The desire not to be a decadent society is a healthy one, and in that sense the Green New Deal deserves credit for looking at the American past and saying, in effect: Why not us, again?
The first major policy intervention from Alexandria Ocasio-Cortez, the noted social-media personality and future dictator-for-life of the Americas (I believe she’s also a congresswoman of some sort), is a quite-extraordinary document: a blueprint for fighting climate change that manages to confirm every conservative critique of liberal environmental activism, every Republican suspicion of what global-warming alarm is really all about.
The core conservative suspicion is that when liberals talk about the dire threat of global warming, they’re actually seizing opportunistically on the issue to justify, well, #fullsocialism — the seizure of the economy’s commanding heights in order to implement the most left-wing possible agenda.
A conventional liberal, up until now, would dismiss that belief as simply paranoid, the product of Fox News feedback loops and the science-denying fever swamps. But the Green New Deal that Ocasio-Cortez and Massachusetts Sen. Edward Markey are sponsoring — and that four leading Democratic contenders for the presidency have already endorsed — responds by saying: Yes, that’s absolutely correct.
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It isn’t just that the Green New Deal proposes a 10-year plan for decarbonizing the U.S. economy that would involve the kind of “war socialism” unseen since, well, World War II (a model the authors explicitly evoke). It isn’t just that it dismisses all worries about deficits or inflation with a Venezuelan insouciance, or that it seems lukewarm about any policy or technology that might be tainted by capitalism or disliked by progressive interest groups.
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It’s also that the list of proposed policies for fighting climate change is filled with what even David Roberts of Vox, in the course of praising the Green New Deal, admits are “eyebrow-raising doozies,” with everything from universal health care to a job guarantee draped under the mantle of environmentalism. And that’s just in the official language of the (nonbinding, it should be noted) resolution: The Frequently Asked Questions that temporarily accompanied the New Deal’s rollout are even more striking in their green just means everything progressives want ambition.
So there’s a pretty easy story to tell here about why, if the Democratic Party makes the Green New Deal vision its own, that shift will empower climate-change skeptics, weaken the hand of would-be compromisers in the GOP and put the kind of climate-change package that could win at least 51 votes in the Senate even further out of reach. And also possibly help President Donald Trump win re-election.
But let me temper this critique by finding two positive things to say about the Green New Deal, which between them will add up to the single cheer promised in this column’s headline.
First, in moving somewhat away from the long-standing centrist emphasis on pricing carbon — via carbon taxes or a cap-and-trade system — toward a focus on direct spending, the left might be moving away from theoretical efficiency toward political feasibility.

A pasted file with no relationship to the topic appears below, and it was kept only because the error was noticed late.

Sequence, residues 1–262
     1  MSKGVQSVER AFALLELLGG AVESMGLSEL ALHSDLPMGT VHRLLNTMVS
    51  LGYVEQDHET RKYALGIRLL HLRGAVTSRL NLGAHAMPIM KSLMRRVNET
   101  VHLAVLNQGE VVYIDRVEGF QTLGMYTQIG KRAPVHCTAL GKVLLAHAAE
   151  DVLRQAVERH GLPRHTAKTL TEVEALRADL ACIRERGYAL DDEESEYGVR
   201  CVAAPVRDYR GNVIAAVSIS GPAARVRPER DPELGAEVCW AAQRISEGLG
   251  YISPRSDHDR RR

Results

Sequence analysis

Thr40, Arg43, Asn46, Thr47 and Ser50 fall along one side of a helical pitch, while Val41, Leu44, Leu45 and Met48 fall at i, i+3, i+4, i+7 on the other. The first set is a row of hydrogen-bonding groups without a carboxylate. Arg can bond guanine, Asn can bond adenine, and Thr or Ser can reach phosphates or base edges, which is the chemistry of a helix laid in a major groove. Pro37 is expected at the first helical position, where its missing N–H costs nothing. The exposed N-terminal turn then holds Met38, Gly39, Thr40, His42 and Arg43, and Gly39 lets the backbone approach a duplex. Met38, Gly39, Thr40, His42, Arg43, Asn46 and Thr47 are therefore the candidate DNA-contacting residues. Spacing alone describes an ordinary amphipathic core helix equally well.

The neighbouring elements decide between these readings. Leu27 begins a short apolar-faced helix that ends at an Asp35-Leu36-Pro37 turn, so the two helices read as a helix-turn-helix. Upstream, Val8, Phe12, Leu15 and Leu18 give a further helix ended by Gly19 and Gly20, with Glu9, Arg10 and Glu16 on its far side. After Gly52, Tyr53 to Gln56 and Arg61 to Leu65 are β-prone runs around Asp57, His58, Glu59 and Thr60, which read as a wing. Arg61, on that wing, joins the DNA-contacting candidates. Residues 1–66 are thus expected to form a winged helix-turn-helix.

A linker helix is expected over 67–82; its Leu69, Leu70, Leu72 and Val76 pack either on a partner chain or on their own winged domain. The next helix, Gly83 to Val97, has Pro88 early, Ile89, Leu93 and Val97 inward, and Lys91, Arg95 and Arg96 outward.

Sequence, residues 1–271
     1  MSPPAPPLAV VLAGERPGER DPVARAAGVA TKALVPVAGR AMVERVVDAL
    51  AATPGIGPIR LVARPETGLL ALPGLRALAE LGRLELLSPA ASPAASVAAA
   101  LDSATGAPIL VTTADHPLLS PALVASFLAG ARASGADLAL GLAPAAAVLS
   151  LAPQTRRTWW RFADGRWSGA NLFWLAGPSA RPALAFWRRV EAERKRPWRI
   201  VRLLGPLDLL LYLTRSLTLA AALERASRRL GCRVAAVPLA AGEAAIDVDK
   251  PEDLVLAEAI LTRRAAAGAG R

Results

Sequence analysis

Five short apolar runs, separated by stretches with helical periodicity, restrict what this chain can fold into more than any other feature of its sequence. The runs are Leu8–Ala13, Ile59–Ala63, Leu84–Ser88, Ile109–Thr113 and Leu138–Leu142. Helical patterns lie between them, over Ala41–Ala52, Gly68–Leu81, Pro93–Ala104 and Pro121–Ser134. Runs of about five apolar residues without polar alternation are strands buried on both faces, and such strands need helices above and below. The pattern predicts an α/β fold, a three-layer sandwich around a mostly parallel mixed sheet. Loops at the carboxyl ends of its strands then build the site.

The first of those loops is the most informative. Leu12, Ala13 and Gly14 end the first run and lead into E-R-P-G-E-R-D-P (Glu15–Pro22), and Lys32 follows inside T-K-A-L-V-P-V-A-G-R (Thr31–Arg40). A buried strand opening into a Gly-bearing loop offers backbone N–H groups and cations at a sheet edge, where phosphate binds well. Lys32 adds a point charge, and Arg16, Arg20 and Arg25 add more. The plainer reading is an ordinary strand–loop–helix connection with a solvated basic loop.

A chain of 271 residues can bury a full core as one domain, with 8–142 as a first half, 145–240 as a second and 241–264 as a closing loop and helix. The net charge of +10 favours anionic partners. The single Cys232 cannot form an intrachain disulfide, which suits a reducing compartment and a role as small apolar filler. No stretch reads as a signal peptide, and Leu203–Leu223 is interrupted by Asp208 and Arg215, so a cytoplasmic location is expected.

The experience of the developed world is that carbon pricing schemes look really good in theory, but tend to either get compromised toward inefficiency in practice or else inspire populist uprisings like the gilets jaunes in France. And buried inside the sweeping command-and-control vision of the Green New Deal is the material for a more modest alternative: basically, an emphasis on research and resilience, which would spend more money on basic science, alternative-energy adaptations and mitigation in the communities most likely to be affected by storms and tides and heat.
This would point to a different zone of compromise from the one often debated up till now. Instead of centrist elites compromising to raise energy taxes that often fall heavily on the working class, you could imagine left-populists and right-populists compromising on adaptationist public works, on “big, beautiful” infrastructure projects (to borrow our president’s rhetoric) that don’t pretend to solve climate change but do mitigate its consequences.
If the sweeping ambition of the Green New Deal leads to positive incremental change, I think that’s the most likely way it happens. But then I also want to mildly praise the resolution’s anti-incrementalism — because there are virtues in trying to offer not just a technical blueprint but a comprehensive vision of the good society, and virtues as well in insisting that dramatic change is still possible in America, that grand projects and scientific breakthroughs are still within our reach.
They might not be, since the United States is presently decadent — with a stalemated politics, an aging and risk-averse population, a Balkanized culture — in ways that may limit our ability to re-create the specific projects of the past and preclude a regained conception of the common good.
But the desire not to be a decadent society is a healthy one, and in that sense the Green New Deal deserves credit for looking at the American past and saying, in effect: Why not us, again?
So that’s my faint praise. Enough, I hope, to earn my energy-efficient cabin an extra solar panel, bestowed by the beneficence of First Citizen AOC, in the utopia to come.